Administrators of the Year

One of ACSA’s priorities is to ensure that school leaders are recognized for their excellence. Through our annual awards program we honor administrators and community members for their achievements and their dedication to public education. Each year, regions select their regional award winners, whose nominations are then submitted to state ACSA for consideration of the state award.

This year, Region 10 was proud that one of ACSA’s top award winners was Marilyn Shepherd, superintendent of Monterey Peninsula USD. She received the Marcus Foster Memorial Award for Administrator Excellence.

Marcus Foster was a shining example of leading the process of positive change in a school district, and one could find no better example of a school leader who exemplifies his spirit than Marilyn Shepherd, superintendent of Monterey PeninsulaUnified School District.

Shepherd said she was honored just to be nominated for ACSA’s Marcus Foster Memorial Award for Administrator Excellence.

“I know what Marcus Foster represented, and what Marcus Foster believed in, and his leadership legacy,” she said in receiving the award Nov. 4 at the 2011 Leadership Summit.

Shepherd was recruited to Monterey Peninsula USD specifically for her ability to lead large-scale change. The district had slipped into Program Improvement status, with declining enrollment and test scores, and an increasingly adversarial collective bargaining atmosphere. There was a poor public perception of the district and significant fiscal challenges.

As soon as Shepherd took the helm, that all began to change. She said her initial assessment of district operations in 2007 revealed few clearly defined policies, systems and structures in place to support student achievement.

“Students and staff were frustrated and public confidence had suffered,” she said. “For example, teachers did not consistently receive communications and were left to solve problems on their own in the classroom. This type of stress had a direct impact on teaching, learning, and overall district operations. In addition, parents lacked the information they needed to support their children in school.

“To address these problems, we convened parent and community advisory committees to work on everything from restructuring plans to technology upgrades. These changes better supported teaching and learning, helped to streamline operations, and greatly improved stakeholder confidence.”

In addition, Shepherd has made a concerted effort to reach out and revive relationships with community partner organizations.

“We had to regain the community’s trust and confidence in our ability to manage resources appropriately and demonstrate our vision and commitment to student achievement,” she said.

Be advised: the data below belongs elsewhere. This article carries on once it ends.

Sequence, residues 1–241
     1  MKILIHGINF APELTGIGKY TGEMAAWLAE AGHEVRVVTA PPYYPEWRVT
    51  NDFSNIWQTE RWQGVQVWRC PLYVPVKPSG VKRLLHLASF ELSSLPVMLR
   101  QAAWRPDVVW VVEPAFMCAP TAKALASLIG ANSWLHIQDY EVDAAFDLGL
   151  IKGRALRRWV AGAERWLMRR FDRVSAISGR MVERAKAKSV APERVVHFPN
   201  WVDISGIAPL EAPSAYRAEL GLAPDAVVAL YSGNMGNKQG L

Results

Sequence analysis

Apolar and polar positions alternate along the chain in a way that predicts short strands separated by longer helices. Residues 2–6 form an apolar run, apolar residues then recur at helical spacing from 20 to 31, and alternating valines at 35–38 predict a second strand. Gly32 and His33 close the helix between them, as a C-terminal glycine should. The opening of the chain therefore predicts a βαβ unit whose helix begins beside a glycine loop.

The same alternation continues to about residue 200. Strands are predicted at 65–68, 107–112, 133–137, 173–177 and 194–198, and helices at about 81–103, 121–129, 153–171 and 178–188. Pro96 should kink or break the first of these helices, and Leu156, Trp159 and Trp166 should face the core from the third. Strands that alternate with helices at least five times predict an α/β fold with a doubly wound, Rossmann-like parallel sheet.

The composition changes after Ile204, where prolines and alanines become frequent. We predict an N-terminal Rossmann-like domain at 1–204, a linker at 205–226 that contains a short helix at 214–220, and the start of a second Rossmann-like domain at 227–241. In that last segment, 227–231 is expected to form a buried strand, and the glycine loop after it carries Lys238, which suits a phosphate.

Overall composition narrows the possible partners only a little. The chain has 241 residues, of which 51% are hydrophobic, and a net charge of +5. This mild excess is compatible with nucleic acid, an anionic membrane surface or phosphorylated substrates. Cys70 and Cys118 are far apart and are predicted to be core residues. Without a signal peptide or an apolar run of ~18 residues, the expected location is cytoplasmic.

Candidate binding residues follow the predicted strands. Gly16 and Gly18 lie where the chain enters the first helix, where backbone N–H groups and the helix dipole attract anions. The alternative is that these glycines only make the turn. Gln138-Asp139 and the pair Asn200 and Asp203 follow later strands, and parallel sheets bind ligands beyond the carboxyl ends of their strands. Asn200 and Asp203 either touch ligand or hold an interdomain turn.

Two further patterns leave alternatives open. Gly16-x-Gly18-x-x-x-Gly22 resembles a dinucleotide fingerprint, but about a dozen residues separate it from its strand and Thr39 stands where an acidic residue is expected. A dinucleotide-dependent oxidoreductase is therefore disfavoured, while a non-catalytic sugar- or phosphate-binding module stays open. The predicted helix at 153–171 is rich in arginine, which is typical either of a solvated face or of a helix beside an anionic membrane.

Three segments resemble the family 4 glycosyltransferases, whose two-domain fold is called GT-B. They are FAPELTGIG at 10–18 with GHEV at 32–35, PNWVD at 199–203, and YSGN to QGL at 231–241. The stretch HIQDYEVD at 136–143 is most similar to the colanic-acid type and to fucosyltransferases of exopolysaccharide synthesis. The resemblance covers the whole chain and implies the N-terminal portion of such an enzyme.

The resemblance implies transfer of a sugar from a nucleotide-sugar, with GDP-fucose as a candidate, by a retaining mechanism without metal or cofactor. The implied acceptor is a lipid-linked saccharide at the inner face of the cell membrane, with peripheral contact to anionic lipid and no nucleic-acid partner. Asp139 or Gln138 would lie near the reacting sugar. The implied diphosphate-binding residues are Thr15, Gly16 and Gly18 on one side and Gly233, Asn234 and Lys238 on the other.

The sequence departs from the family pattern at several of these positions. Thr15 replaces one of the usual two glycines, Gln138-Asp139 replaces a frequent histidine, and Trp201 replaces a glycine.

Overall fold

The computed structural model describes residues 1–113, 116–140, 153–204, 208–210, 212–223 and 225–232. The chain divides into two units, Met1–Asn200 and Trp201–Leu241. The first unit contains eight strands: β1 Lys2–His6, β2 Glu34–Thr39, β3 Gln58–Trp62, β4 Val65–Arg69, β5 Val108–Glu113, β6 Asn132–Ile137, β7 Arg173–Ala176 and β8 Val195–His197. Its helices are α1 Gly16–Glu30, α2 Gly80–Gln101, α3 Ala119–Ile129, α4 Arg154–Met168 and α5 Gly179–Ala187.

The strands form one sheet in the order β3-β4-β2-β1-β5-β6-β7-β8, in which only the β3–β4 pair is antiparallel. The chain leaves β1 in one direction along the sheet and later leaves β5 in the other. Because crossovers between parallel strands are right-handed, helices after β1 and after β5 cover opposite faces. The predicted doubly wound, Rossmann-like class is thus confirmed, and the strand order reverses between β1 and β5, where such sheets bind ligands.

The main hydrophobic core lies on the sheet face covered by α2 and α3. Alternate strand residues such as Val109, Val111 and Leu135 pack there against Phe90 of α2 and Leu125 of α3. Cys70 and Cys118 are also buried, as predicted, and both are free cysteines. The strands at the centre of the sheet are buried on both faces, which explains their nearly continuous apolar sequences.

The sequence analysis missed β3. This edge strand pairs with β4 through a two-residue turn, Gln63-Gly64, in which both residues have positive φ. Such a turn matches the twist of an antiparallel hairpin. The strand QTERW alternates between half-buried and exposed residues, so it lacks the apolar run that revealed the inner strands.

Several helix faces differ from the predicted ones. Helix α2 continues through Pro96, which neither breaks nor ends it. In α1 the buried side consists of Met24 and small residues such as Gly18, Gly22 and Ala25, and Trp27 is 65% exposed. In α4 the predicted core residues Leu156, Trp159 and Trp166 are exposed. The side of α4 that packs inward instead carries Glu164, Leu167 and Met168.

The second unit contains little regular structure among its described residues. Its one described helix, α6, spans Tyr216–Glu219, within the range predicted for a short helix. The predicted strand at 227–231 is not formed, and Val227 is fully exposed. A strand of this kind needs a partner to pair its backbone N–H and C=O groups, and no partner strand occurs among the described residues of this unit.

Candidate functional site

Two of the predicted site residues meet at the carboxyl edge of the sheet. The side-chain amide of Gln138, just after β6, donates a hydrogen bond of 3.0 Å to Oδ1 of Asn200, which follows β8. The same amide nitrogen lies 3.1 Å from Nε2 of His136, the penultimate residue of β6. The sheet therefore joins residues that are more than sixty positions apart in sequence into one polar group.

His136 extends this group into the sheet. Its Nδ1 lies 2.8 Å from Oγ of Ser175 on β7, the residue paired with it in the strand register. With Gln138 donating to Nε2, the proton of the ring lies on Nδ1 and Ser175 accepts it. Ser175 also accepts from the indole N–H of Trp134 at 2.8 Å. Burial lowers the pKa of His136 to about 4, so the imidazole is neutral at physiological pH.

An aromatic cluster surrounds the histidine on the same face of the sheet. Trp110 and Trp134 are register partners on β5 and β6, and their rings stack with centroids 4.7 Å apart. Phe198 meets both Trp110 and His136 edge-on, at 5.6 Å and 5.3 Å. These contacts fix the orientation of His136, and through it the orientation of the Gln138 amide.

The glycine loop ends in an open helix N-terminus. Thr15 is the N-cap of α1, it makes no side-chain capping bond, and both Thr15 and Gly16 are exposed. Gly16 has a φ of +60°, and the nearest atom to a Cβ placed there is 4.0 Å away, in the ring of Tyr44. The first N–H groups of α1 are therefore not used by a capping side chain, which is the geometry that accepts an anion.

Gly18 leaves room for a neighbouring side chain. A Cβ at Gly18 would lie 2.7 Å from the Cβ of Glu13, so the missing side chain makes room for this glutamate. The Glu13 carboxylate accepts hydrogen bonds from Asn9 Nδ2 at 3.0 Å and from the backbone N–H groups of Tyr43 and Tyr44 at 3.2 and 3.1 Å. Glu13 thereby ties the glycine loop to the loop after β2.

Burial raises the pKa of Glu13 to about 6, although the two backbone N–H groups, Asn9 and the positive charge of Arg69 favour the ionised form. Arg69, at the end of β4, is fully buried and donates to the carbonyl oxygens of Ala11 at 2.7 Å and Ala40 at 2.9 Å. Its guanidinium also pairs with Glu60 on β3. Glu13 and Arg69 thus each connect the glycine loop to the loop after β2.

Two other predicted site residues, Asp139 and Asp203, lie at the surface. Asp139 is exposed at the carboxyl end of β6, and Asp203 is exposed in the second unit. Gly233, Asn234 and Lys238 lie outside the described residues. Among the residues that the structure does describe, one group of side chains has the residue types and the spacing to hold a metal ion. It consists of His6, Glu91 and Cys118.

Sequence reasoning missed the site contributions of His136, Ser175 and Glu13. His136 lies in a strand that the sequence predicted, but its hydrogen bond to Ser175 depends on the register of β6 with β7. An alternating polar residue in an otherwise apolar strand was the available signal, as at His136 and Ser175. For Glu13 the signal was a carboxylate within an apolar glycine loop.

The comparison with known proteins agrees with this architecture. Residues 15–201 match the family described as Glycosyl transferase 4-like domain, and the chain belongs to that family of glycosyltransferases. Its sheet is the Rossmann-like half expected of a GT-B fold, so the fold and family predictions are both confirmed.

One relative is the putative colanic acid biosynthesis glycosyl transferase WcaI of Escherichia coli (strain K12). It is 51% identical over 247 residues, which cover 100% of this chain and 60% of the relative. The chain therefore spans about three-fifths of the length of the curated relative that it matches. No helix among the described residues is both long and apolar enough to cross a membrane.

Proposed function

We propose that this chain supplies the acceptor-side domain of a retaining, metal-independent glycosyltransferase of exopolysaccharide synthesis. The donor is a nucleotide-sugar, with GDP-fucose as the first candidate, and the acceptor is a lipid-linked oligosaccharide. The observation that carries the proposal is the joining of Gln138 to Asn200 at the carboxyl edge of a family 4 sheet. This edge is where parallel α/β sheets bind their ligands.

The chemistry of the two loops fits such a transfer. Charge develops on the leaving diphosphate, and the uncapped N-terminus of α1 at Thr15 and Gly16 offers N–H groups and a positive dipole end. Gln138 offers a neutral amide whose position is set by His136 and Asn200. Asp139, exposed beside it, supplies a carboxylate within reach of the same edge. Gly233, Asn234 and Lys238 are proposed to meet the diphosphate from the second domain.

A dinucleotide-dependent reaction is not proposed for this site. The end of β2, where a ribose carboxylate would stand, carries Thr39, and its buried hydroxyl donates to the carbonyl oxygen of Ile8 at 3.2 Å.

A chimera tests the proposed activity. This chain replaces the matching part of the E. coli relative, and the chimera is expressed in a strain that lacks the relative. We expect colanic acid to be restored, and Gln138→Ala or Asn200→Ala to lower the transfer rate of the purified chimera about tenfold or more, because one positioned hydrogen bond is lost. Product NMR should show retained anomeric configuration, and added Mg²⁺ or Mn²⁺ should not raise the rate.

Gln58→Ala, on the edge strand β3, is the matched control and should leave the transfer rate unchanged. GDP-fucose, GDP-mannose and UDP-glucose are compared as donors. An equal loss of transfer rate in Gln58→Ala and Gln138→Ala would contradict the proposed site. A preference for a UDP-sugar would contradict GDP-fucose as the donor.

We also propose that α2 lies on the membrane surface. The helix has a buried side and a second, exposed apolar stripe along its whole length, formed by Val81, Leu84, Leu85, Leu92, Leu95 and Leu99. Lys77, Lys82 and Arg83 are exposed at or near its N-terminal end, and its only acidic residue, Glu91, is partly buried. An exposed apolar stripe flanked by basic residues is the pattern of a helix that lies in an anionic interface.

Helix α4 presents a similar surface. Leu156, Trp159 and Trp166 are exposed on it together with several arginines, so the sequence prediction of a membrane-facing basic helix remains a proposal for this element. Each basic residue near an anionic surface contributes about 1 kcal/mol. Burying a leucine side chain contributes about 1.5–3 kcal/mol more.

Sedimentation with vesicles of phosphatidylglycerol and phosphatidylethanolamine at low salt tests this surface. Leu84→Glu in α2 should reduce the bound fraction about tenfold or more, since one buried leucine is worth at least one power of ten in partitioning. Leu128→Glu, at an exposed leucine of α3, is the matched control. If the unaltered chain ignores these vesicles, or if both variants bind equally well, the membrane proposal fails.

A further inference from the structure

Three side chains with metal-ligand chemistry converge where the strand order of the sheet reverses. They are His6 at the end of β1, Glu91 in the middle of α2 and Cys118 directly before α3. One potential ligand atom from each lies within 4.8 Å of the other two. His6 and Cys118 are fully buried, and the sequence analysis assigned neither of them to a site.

The efforts clearly showed results when Shepherd helped lead a $110 million general obligation bond measure for facility improvement that won an astounding 71 percent approval at the ballot box.

Despite numerous challenges – some of which still remain – Shepherd has her highly diverse school district heading in the right direction. Although Monterey Peninsula USD is a community that contains some excellent post-secondary institutions, a majority of the parents in Shepherd’s more than 10,000-student school district do not speak English as a first language. Indeed, many are not literate even in their primary language, and they struggle to understand how they can help their children be successful in school. So Shepherd has ensured that recruitment of a culturally representative staff at all levels is a high priority. District staff also receives professional learning opportunities on the culture of poverty, social justice, instruction for ESL students and full inclusion practices.

Shepherd said that she has relied on ACSA for support throughout her career.

“ACSA has kept me connected with colleagues statewide who have been a great support to me professionally,” she said. “ACSA publications help to keep me informed about educational issues and the numerous professional growth opportunities for administrators. That is an invaluable resource for me and my leadership team.”

Shepherd said growing up she knew she wanted to be an educator, and that desire only grew stronger through the years. And knowing the legacy of Marcus Foster, she feels very honored to receive an award bearing his name.

“This award would not be possible without the outstanding support of my Board of Trustees and leadership team,” Shepherd said. “There are many exceptional administrators in California that are deserving of recognition for their accomplishments. I thank the Association of California School Administrators for giving awards and recognitions to this professional community and for providing the validation that the work we do is meaningful, appreciated, and making a difference in the lives of the people we serve.”